Hidden Figures: The American Dream and the Untold Story of the Black Women Mathematicians Who Helped Win the Space Race by Margot Lee Shetterly, published by Harper Collins.
We'd do well to put Margot Lee Shetterly's book Hidden Figures into the hands of young men and women who love science. Shetterly's book is about a team of African-American women with a knack for numbers. They defied gender and race barriers in the early years of the US space program to problem-solve for NASA. They crunched numbers and were called human “computers.” They calculated the complex trajectories, launch windows and back-up return paths for flights that allowed astronauts like Neil Armstrong, Alan Shephard and John Glenn to travel to space safely.
There are interesting accounts of a heavily reinforced glass ceiling at NASA and its occasional, wafer-thin cracks in "Hidden Figures." Shetterly writes, “Women...had to wield their intellects like a scythe, hacking away against the stubborn underbrush of low expectations.”
Doing the Math
These underpaid African American women employees were blatantly overworked. But they loved their work. They defied low expectations based on gender and race with composure to scale great heights. Shetterly's book which shot to No 1 on the New York Times bestseller list is now a blockbuster Hollywood movie. The audience pleaser about the 1960s Space Race is competing for best picture this year at the Academy Awards.
Shetterly doesn't play the austere historian in “Hidden Figures” so the book brims with anecdotes which serves the movie adaption well. We learn that when American astronaut John Glenn was minutes from being blasted into orbit aboard Friendship 7 in 1962, there was just one person he trusted with the complex trajectory calculations required to bring him down safely from his orbital spaceflight: Katherine Johnson, who was something of a child prodigy in mathematics and worked in NASA’s segregated West area computers division.
“Get the girl, check the numbers,” Glenn said before boarding the rocket writes Shetterly in the book. “If she says they’re good, I’m good to go.”
Johnson was one of four female African-American mathematicians known as the “computers in skirts” who worked on the Redstone, Mercury and Apollo space programmes for NASA. Starting in World War II and moving through to the Cold War, the Civil Rights Movement and the Space Race, Hidden Figures follows the interlaced accounts of Katherine Johnson, Dorothy Vaughan, Mary Jackson, and Christine Darden, four African American women who participated in some of NASA’s greatest successes.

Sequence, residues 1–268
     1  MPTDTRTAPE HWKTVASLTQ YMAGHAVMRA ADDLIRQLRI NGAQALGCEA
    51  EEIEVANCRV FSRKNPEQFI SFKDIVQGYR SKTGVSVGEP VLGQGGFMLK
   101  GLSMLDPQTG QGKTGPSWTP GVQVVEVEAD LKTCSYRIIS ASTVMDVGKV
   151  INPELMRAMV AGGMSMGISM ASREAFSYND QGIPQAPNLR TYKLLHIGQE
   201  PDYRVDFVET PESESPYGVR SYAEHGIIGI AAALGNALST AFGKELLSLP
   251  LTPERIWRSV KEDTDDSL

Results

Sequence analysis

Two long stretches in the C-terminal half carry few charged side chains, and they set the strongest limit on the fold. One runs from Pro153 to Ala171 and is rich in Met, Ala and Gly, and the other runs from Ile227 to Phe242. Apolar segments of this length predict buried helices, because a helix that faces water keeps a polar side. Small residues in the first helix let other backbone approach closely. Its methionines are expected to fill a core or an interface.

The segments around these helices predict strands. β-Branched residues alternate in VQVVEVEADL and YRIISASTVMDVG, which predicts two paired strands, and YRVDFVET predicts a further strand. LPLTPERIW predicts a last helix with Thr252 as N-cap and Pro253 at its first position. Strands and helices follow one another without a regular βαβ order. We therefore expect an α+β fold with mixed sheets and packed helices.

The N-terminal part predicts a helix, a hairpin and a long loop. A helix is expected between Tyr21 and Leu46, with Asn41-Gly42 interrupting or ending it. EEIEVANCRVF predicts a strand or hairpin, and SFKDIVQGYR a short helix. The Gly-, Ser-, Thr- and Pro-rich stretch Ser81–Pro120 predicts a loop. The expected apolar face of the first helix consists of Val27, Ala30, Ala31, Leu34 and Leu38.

Empowering Future Generations
While these women did the same work as their white counterparts, they were paid far less and started their careers by being relegated to the segregated west section of the Langley campus, where they had to use separate dining and bathroom facilities. The book chronicles their brilliant work over three decades which eventually earned them slow advancement.
In 2015, physicist and mathematician Katherine Johnson who calculated the trajectories for many NASA missions received the Presidential Medal of Freedom from former US President Barack Obama. She calculated Alan Shepard's launch window for his 1961 Mercury mission. In 1969, she also contributed to the legendary Apollo 11 mission, in particular to the safe return of the astronauts to Earth after Neil Armstrong set foot on the Moon. In those decades, it inevitably fell on Johnson to plot complex back-up navigational charts for astronauts in case of electronic failures.
In "Hidden Figures" we then meet the larger-than-life mathematician and computer programmer Dorothy Vaughan who became a passionate leader and advocate for the "West Computers." In 1948, she became NASA's first black supervisor and an expert FORTRAN programmer. She later headed the programming section of the Analysis and Computation Division, a racially and gender-integrated group on the frontier of electronic computing. Vaughan retired from NASA in 1971. She sought, but never received, another management position at Langley. Her legacy lives on in the successful careers of second-generation mathematicians and aeronautic engineers such as Christine Darden.
Mary Jackson's own path to an engineering career at the NASA was far from direct. She graduated with dual degrees in math and physical science and worked in the computing pool, reporting to the group’s supervisor Dorothy Vaughan. After two years in the computing pool, she got the chance to work for engineer Kazimierz Czarnecki in the new-fangled Supersonic Pressure Tunnel. Czarnecki offered Mary hands-on experience conducting experiments in the facility, and eventually suggested that she enter a training program that would allow her to earn a promotion from mathematician to engineer. Trainees had to take advanced engineering after-work courses held at then-segregated Hampton High School. Jackson who never balked at a challenge, petitioned a judge to allow her to join her white peers in the classroom. Mary completed the courses, earned the promotion, and in 1958 became NASA’s first black female engineer.
Shetterly's pain staking work offers up a crucial slice of NASA history that had previously and unforgivably been lost. The author moves gracefully between the women’s lives and the broader sweep of history. This story is nothing short of inspiring and enlightening for science buffs.
Uttara Choudhury is a writer for Forbes India and The Wire. In 1997, she went on the British Chevening Scholarship to study Journalism in the University of Westminster, in London.